Tuesday, 23 December 2008

Overdue games update

I'm on a break for the holidays so thought it was about time I wrote something about what I've been playing over the last couple of months. I've left Spore off this list as I've only recently gotten in to playing it again and want to post about it in more depth later on.

Since September, I've managed to complete two games. The first is episode two of the Penny Arcade Adventures: On the Rain-Slick Precipice of Darkness (PC version) developed by Hothead Games. You join Gabe and Tycho again on their quest to find the giant robot destroying New Arcadia (and which destroyed your house in the first episode). Basically, it was more of the same as the first episode but I'm not convinced it was quite as fun. At least in terms of the turn-based combat, I got more out of the mimed attacks and colourful clown blood spatter, than I did of beating up rich snobs and mental patients (cue ethical discussion here...). I did enjoy it though, because of the humour that comes with it and I think I quite like the episodic format - it doesn't take more than a few hours to complete. I also think I'm driven more to complete games like this by a desire to get to the end of the story than by a sense of challenge, as I'm not sure I want to go back and do it all over again in "insane mode". I mean, you'd have to promise something a lot more than the same thing again but a hell of a lot harder.

The second game I completed was Lost Winds, developed by Frontier Developments for the Wii. Available on WiiWare (as opposed to in shops) where you play Toku, a young boy who has to save his homeland from the elemental spirit Balasaar with the help of the Wind spirit Enril. You control his movements with the nun-chuck but also use the Wiimote to control the wind in order to help Toku jump higher and further. Apparently a second player can use an additional Wiimote to help Toku jump further but not higher (similar to the co-op mode in Super Mario Galaxy) but I haven't tried it. I really enjoyed Lost Winds, again because I could complete it in a few hours (as opposed to weeks) and also because it is one of the few games I've come across that actually integrates how you use the Wiimote into the story and gameplay. It's also easy to pick up and very pretty. It might be a little too short (I think it might be best to think of it as an episodic game, as a sequel seems to be in the works) and it could definitely have benefited from a map, or some sort of spatial representation of where you were and where you could go, since I seemed to spend a fair bit of time retracing my steps. If you have a Wii though, I would definitely recommend downloading it and it is only 1000 points (only £7).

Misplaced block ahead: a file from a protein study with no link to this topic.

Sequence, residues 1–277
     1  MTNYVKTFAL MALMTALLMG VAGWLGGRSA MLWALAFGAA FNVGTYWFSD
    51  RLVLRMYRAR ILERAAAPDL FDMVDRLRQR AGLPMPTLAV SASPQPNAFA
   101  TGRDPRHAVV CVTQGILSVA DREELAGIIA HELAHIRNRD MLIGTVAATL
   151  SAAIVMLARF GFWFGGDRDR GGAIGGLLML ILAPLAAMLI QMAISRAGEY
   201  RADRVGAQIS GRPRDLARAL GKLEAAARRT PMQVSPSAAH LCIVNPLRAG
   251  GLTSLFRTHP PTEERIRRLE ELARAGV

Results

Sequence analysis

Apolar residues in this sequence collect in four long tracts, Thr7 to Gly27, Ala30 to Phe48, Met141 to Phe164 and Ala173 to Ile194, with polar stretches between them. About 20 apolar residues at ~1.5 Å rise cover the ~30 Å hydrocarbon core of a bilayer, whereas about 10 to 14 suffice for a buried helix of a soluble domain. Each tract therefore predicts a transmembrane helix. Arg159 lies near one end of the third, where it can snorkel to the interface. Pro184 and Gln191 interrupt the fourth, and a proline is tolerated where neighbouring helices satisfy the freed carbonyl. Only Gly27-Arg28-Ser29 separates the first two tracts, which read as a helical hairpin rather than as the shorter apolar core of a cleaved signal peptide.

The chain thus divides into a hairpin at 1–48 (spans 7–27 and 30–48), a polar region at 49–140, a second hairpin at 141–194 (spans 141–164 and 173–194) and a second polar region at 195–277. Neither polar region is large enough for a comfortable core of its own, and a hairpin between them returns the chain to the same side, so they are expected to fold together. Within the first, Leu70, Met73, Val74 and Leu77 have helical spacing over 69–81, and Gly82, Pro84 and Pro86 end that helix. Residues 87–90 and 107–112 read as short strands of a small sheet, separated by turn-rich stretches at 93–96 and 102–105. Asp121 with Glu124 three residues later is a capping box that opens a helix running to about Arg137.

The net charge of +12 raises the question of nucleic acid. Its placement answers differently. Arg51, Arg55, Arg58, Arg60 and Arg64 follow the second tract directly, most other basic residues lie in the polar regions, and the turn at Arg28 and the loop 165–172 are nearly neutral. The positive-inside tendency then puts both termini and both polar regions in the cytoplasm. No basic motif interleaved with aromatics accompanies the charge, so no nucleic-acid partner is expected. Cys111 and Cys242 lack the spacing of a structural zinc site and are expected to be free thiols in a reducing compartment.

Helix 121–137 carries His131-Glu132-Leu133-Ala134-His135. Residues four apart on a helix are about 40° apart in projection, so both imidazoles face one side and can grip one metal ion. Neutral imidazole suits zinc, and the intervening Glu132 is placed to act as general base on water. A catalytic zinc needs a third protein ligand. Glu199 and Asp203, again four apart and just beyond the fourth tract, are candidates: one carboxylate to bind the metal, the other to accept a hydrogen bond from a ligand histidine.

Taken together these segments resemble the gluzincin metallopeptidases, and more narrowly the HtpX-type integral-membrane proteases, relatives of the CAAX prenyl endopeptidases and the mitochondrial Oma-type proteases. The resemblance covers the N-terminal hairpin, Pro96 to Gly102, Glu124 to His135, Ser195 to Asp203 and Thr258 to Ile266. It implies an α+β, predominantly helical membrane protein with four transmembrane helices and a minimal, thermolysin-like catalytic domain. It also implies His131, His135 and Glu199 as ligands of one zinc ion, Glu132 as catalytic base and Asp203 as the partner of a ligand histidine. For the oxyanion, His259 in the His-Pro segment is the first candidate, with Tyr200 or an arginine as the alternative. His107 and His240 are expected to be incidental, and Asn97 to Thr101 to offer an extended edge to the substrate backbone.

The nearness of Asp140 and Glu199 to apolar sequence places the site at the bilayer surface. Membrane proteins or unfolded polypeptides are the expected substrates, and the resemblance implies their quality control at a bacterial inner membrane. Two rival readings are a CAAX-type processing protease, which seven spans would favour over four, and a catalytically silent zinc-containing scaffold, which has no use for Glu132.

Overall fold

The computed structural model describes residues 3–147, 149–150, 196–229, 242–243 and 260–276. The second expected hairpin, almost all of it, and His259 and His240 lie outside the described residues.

I've also been playing a point-and-click adventure game called A Vampyre Story about an opera singing vampire named Mona who was kidnapped and turned into a vampire by the rather pathetic Shrowdy von Kieffer and is now trying to escape back to Paris. Developed by Crimson Cow I had high hopes for this as I'm a big fan of the genre and while it looks pretty, I'm finding the characters a little annoying, especially Mona's sidekick Froderick the bat, and the dialogue you have to sit through can be a little tedious (and just isn't that funny). I'm not sure the interface works that well either and in general I'm just not enjoying it as much as I thought I would. I think it might go on the back burner for a bit while I play Spore...

Lastly, there is World of Goo developed by independent games studio 2D-Boy. I played the PC demo a while back but have been waiting for it to be released on WiiWare in Europe - which should be soon - to see what it's like on the Wii. I absolutely loved this game. Described as a puzzle/construction game by it's developers, the player controls balls of goo which you can attach in different ways to form bridges and structures so the remaining goo can exit the pipe (a bit like Lemmings). It's not only easy to learn, but also clever and engaging. But if I have to wait too much longer I think I'll end up with the PC version.

Ok, think that's it for now at least!

Thursday, 11 December 2008

Physics games

Ok, so this isn't the 'games I've been playing' roundup I've been meaning to do but I've got a rotten cold at the moment and so that's going to wait until my head is a little less foggy.

But a friend of mine did send me a link today for a pretty cool game that I thought was worth sharing:

Crayon Physics Deluxe from Petri Purho on Vimeo

In addition to Echochrome and World of Goo there does seem to be a fair few simple yet elegant physics types games out there at the moment. They seem to engage people very much in a problem solving way i.e. on a tactical and spatial level and with less emphasis on have to hit the right buttons at precisely the right time. I guess, along with my masters project and the reading I've been doing, I've been thinking a lot about the different ways in which games engage and how these can be related to learning. The question "how can digital games support learning?" now seems ridiculously vague. It would be better to consider how specific types of games (and the way they involve players) result in specific forms of learning before even beginning to consider how best to use digital games within formal educational environments.